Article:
Think you know who Jesus was? Well, think again.
Using archaeological evidence and textual analysis, Tabor (Religious Studies/Univ. of North Carolina, Charlotte) puts forth a very different history of the Jesus movement than is traditionally taught within Christian theology. Jesus, a descendant of David, was shaped by the events of his time. He became a disciple of the charismatic John the Baptizer and soon became John’s partner in ministry, taking over the movement upon John’s execution. He was convinced that Roman rule over Israel would soon end, allowing him to set up an earthly kingdom. His Council of Twelve acted as regional rulers over this kingdom. When Jesus was crucified, the Council set up a provisional government, led by James, the brother of Jesus and heir to the Davidic line. Beyond that, not only was Jesus made divine, but his teachings were corrupted, and the roles of John and James were dramatically diminished, says Tabor, who raises some good points and spurs meaningful thought for the reader. And his archaeological backup makes for exciting reading. However, his book has a number of flaws. While identified as a historian, Tabor often sounds like a conspiracy theorist, piecing together tiny shreds of evidence to create a revisionist history, while rarely pausing to address the counterarguments that arise at every turn. Tabor accepts his conclusions as truth without ever entertaining the notion that there are other arguments to be made. This arrogance can be an affront to the educated reader. The author writes for those with only a marginal knowledge of Christian history and theology, and for those already skeptical of Christianity. There are vast discrepancies between his own presumptions and the presumptions of the majority of Christians—a gulf he fails to address and for which some will make efforts to debunk his work. Tabor simply speaks past actual believers, who will be perplexed by his approach at best, insulted at worst.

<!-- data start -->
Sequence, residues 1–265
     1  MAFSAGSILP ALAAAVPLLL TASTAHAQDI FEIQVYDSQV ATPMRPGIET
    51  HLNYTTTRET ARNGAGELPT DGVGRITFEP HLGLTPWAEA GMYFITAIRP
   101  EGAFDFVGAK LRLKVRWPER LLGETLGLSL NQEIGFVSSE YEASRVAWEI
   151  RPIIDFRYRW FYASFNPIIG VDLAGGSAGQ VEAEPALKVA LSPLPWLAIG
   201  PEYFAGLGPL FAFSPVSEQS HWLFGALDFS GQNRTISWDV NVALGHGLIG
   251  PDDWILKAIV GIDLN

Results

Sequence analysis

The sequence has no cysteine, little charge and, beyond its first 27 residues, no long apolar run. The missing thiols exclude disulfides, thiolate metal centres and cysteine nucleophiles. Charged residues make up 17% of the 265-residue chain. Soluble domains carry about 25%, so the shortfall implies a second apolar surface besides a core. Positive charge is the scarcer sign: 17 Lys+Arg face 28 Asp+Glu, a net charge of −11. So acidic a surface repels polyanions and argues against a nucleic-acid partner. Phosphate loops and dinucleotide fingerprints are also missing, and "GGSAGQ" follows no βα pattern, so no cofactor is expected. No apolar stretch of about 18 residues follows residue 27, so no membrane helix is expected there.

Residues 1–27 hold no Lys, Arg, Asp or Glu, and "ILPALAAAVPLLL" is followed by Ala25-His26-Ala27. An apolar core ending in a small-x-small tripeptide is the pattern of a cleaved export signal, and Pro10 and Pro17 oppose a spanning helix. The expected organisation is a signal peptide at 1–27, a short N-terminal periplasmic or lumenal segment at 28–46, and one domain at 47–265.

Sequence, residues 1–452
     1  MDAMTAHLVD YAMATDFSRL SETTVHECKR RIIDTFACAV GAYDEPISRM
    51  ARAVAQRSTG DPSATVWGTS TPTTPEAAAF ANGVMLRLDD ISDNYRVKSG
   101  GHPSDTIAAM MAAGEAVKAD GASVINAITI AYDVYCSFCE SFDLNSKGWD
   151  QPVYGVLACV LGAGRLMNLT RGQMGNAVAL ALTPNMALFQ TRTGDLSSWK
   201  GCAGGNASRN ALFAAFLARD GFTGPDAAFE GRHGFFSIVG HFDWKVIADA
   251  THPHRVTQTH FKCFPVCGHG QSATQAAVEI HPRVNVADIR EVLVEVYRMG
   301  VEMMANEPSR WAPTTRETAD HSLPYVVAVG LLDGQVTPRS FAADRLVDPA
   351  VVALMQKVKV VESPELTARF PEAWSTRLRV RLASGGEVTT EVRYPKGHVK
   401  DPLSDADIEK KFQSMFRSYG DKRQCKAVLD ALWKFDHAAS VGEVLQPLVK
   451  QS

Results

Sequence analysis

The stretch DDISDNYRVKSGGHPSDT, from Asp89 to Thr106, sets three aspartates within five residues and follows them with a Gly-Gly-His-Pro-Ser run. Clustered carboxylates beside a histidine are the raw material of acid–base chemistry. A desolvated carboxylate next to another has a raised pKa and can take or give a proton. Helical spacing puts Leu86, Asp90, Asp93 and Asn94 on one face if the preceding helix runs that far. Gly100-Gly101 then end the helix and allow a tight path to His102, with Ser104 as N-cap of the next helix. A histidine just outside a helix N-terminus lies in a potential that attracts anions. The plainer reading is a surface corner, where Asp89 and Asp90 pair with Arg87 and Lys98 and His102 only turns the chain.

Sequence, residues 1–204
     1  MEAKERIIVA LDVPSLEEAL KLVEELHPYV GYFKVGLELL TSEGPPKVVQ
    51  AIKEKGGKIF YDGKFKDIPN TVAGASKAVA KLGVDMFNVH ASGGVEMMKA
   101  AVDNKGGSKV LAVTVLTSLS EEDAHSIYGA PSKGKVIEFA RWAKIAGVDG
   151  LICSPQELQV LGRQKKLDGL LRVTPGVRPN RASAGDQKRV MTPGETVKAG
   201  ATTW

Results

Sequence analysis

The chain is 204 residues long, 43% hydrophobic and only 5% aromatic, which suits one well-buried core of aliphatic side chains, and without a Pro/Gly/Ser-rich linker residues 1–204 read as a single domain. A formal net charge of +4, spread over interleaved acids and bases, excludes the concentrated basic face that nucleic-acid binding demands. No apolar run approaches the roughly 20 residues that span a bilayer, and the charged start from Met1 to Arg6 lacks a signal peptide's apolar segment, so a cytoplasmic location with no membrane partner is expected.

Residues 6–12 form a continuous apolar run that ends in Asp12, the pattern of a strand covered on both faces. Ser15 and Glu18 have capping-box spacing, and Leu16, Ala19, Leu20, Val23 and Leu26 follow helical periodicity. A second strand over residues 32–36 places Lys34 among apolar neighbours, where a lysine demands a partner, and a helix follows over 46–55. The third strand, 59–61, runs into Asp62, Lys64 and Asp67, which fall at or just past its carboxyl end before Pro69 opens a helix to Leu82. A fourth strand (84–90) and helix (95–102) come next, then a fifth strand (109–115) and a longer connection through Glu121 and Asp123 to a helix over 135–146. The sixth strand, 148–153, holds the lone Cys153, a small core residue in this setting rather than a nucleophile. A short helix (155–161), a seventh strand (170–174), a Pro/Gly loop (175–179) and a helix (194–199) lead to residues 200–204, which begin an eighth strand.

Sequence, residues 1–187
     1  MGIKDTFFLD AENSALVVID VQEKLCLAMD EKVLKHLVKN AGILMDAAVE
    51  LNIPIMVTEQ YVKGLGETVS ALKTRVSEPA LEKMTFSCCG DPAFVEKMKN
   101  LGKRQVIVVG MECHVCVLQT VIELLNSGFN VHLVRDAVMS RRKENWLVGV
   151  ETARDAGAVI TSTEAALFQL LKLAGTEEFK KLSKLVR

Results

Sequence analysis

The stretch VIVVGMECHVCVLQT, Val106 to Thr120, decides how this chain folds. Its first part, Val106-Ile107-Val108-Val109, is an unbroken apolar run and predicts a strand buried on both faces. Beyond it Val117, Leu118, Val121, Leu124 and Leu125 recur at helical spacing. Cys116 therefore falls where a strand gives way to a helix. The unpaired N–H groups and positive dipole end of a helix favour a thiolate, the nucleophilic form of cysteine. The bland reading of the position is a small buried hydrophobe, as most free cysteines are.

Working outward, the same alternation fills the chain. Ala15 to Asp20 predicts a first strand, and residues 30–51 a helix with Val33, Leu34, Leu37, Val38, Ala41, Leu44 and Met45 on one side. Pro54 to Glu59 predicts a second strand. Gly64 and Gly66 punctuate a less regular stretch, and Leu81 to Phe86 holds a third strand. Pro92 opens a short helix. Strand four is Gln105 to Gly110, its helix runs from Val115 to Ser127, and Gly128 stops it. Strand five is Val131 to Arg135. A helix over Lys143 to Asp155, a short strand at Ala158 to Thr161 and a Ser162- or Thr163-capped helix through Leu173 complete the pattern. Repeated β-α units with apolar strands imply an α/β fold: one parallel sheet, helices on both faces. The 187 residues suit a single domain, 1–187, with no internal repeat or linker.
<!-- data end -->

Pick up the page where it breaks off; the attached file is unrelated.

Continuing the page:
A provocative contribution, diminished by an overbearing approach.